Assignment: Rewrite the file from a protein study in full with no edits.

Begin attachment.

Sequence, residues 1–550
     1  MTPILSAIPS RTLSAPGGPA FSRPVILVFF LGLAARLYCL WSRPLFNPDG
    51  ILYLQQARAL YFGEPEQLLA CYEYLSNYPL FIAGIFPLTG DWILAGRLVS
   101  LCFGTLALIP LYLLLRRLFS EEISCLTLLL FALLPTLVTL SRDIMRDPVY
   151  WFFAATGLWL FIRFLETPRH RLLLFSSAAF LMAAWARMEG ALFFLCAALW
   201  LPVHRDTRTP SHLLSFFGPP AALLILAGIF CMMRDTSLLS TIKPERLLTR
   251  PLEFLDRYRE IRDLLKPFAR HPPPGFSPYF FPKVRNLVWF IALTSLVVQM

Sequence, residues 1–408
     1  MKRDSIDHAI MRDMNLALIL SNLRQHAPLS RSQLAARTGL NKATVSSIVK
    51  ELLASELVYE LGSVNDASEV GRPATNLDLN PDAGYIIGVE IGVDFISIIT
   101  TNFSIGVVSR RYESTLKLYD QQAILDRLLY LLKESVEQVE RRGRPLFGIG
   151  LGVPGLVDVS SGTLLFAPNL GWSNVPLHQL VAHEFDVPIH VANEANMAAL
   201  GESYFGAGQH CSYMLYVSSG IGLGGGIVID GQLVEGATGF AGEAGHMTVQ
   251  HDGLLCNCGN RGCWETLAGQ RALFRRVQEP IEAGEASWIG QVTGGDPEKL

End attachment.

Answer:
Sequence, residues 1–550
     1  MTPILSAIPS RTLSAPGGPA FSRPVILVFF LGLAARLYCL WSRPLFNPDG
    51  ILYLQQARAL YFGEPEQLLA CYEYLSNYPL FIAGIFPLTG DWILAGRLVS
   101  LCFGTLALIP LYLLLRRLFS EEISCLTLLL FALLPTLVTL SRDIMRDPVY
   151  WFFAATGLWL FIRFLETPRH RLLLFSSAAF LMAAWARMEG ALFFLCAALW
   201  LPVHRDTRTP SHLLSFFGPP AALLILAGIF CMMRDTSLLS TIKPERLLTR
   251  PLEFLDRYRE IRDLLKPFAR HPPPGFSPYF FPKVRNLVWF IALTSLVVQM

Sequence, residues 1–408
     1  MKRDSIDHAI MRDMNLALIL SNLRQHAPLS RSQLAARTGL NKATVSSIVK
    51  ELLASELVYE LGSVNDASEV GRPATNLDLN PDAGYIIGVE IGVDFISIIT
   101  TNFSIGVVSR RYESTLKLYD QQAILDRLLY LLKESVEQVE RRGRPLFGIG
   151  LGVPGLVDVS SGTLLFAPNL GWSNVPLHQL VAHEFDVPIH VANEANMAAL
   201  GESYFGAGQH CSYMLYVSSG IGLGGGIVID GQLVEGATGF AGEAGHMTVQ
   251  HDGLLCNCGN RGCWETLAGQ RALFRRVQEP IEAGEASWIG QVTGGDPEKL